Jones G, et al. Abstract 11009. Presented at: ASCO Annual Meeting (virtual meeting); June 4-8, 2021.

Disclosures: Jones reports no relevant disclosures.
July 23, 2021
2 min read

Oncology resident emphasizes ‘demonstrable, active’ allyship with women


Jones G, et al. Abstract 11009. Presented at: ASCO Annual Meeting (virtual meeting); June 4-8, 2021.

Disclosures: Jones reports no relevant disclosures.
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Gavin Jones, MD, was raised to “be the change” he wished to see in the world.

It’s not surprising, then, that in his residency training in the department of radiology at University of Kentucky, Jones has found ways to bring about change for women, both as patients and colleagues.

Quote from Gavin Jones, MD

“I knew I needed to do more than merely pay lip service to the empowerment of women in oncology,” he said in the latest installment of Women in Oncology’s “Oncology Allies,” a HeforShe effort. “He-for-She allyship, at its core, should be demonstrable and active. This has impelled much of the ongoing research into the roles gender and ethnicity play in cancer medicine.”

A profound impact

As he progressed through his residency, Jones noticed the ways in which the concerns of women were not being addressed.

His interest in breast cancer led to the observation that this disease is often accompanied by a deeply personal sense of loss.

“All cancers have unique epidemiology, patient populations and risk factors,” he said. “Breast cancer is somewhat unique in that its primary surgical treatment often carries with it a profound psychological impact — for many women, the breast is integral to their sense of personal identity in a way that other anatomical cancer sites are not.”

Jones said for these women, the prioritization of empirical outcome measures leaves out an essential component of recovery and well-being.

“Our typical fixation on ‘hard outcomes’ in breast cancer — such as locoregional recurrence and OS — belie these important psychosocial dimensions of the patient experience,” he said. “The role of breast reconstruction and fertility preservation in patients with breast cancer is something I hope to engage in more as I proceed through my career in radiation oncology.”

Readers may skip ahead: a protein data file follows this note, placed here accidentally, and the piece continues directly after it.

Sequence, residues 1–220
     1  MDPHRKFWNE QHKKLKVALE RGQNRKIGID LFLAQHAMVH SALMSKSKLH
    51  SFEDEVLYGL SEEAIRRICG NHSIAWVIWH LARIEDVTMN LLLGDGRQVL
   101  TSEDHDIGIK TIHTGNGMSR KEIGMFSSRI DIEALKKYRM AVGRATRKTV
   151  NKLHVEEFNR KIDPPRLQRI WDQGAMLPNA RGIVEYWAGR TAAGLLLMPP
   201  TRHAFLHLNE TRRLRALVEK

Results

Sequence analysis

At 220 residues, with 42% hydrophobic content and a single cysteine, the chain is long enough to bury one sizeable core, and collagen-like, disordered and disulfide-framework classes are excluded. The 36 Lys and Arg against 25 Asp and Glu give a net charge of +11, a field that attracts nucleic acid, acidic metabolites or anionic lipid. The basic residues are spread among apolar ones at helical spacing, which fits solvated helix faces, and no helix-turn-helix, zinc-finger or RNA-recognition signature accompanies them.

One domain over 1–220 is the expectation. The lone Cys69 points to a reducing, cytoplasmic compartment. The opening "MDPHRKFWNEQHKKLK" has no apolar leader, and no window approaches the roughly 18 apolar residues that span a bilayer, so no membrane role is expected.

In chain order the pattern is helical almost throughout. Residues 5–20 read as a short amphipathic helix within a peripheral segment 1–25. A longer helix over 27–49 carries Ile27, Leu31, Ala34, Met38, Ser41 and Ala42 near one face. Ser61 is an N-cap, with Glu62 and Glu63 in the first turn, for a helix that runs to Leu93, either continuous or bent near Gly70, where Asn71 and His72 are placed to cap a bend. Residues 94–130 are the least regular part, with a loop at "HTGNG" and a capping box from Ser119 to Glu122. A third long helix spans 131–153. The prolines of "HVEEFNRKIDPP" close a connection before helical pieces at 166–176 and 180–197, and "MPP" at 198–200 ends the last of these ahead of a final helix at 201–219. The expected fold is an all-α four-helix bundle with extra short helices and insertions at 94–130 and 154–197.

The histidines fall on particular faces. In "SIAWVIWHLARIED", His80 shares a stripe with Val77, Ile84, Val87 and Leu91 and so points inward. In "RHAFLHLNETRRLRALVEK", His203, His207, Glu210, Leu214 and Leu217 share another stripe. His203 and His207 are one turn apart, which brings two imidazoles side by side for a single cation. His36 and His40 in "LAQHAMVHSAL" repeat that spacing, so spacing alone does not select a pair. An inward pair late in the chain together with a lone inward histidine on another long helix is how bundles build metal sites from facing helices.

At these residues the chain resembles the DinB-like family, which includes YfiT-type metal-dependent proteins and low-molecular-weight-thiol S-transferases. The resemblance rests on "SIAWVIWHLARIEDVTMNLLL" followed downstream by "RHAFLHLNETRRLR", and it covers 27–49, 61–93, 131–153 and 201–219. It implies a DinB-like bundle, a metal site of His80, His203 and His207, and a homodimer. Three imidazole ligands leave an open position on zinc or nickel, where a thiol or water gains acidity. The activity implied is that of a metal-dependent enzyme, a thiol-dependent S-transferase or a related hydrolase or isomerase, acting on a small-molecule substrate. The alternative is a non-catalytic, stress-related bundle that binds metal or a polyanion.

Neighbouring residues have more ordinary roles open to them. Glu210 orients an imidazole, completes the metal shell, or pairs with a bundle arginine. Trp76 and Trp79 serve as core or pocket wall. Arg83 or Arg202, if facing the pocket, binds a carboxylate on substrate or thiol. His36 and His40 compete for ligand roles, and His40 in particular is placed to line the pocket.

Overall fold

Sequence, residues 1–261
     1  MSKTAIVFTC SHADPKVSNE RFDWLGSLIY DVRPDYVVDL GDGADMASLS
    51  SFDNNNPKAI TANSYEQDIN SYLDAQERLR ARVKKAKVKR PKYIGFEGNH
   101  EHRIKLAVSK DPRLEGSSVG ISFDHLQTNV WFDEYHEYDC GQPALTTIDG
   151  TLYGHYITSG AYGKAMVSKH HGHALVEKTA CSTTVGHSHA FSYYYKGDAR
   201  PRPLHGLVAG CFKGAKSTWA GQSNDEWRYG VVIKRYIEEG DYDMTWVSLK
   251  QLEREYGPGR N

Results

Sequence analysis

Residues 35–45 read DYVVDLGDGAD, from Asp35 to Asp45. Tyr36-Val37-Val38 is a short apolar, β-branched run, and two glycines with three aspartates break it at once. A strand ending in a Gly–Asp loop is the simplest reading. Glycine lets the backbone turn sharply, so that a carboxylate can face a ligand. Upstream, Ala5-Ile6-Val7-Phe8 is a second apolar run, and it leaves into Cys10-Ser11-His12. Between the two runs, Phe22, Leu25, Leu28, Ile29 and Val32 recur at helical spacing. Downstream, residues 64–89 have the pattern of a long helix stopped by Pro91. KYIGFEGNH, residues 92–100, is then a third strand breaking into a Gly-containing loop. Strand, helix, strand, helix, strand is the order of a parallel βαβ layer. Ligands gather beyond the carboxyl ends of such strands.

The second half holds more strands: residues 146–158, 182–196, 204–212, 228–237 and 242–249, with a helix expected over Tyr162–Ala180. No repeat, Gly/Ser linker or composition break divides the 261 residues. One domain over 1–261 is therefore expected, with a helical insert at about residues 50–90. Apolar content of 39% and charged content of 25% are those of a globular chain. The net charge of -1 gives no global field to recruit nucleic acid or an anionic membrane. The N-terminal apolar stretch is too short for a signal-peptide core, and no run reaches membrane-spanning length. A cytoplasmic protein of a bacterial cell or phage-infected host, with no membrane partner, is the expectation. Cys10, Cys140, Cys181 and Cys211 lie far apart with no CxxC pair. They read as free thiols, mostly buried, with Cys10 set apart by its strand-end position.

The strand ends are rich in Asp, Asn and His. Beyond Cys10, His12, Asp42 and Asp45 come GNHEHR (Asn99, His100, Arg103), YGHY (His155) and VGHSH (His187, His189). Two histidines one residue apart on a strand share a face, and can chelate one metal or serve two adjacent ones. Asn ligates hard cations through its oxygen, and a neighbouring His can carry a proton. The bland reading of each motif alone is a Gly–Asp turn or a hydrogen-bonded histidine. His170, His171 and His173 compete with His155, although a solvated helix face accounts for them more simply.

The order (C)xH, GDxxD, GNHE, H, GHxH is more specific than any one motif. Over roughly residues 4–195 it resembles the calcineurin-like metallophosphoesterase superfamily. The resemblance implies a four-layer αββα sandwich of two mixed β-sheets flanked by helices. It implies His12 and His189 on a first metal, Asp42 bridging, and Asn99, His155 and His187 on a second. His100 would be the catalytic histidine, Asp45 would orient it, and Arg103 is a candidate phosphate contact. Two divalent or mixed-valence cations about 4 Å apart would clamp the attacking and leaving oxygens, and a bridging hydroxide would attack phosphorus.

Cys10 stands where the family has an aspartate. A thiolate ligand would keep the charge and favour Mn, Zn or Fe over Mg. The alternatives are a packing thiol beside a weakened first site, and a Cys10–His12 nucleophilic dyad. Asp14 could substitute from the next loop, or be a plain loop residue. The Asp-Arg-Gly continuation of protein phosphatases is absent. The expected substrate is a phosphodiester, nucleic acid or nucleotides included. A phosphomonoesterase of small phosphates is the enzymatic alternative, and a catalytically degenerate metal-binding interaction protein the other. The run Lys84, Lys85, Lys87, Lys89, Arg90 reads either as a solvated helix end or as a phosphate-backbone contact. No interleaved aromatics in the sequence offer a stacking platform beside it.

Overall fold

‘A precarious balance’

Jones also champions women in oncology through his research into gender and racial disparities in oncology academic leadership.

For instance, he and colleagues presented research at this year’s ASCO Annual Meeting showing that female and Black oncologists are underrepresented in academic oncology leadership.

“Unfortunately, many sexist double standards and preconceptions are still ingrained in the field of medicine,” Jones told Healio. “Female physicians face additional bias in terms of promotion to, and recognition of, their professional medical roles compared with their male counterparts — a pattern that extends even to formal introductions as ‘doctor’ at national conferences, and in citational trends within the primary literature.”

Competing demands on female oncologists’ time, as well as lack of scheduling accommodations offered by workplaces, also can make it difficult for women to move up the ranks of academic oncology, Jones said.

Moreover, women oncologists may be expected to demonstrate “nurturing” behavior while also projecting authority and confidence.

“Women are often expected to straddle dual roles in the workplace, striking a precarious balance between seeming both ‘empathetic and caring’ yet simultaneously ‘strong and assertive,’” Jones said. “For working mothers, this burden extends even further, to the expectation to fulfill the duties of motherhood without seeming less dedicated or engaged with physicianhood.”

Jones said he was encouraged to undertake the study by his mentor, Mudit Chowdhary, MD, during a time of increased emphasis on gender disparities in academic oncology. This not only inspired the study but also an ongoing commitment to making change in any way he could.

“To be clear, a crucial part of female advocacy involves fostering a culture of inclusion and respect in the workplace at an individual level,” he said. “But there were — indeed are — additional things I thought I could do to help bring these disparities to a more public light.”

For more information:

Gavin P. Jones, MD, can be reached at